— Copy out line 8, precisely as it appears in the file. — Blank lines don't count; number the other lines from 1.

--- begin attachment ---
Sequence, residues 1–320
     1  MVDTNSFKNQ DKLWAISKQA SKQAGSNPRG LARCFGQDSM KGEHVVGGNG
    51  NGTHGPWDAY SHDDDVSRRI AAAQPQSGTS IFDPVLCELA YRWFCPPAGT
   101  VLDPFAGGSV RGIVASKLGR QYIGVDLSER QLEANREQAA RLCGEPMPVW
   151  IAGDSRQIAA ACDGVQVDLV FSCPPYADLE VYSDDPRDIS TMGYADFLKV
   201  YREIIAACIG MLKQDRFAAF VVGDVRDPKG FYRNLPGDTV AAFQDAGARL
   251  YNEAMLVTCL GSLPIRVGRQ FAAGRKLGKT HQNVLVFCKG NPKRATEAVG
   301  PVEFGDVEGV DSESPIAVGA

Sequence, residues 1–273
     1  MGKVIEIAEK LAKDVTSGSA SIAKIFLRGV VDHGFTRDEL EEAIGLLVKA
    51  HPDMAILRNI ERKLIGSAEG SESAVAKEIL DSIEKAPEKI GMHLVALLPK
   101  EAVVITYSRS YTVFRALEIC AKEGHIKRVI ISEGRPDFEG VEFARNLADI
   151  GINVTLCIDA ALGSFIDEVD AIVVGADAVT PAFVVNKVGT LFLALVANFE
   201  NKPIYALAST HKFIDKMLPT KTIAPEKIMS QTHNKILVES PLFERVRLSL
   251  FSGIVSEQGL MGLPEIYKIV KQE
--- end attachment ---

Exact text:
   301  PVEFGDVEGV DSESPIAVGA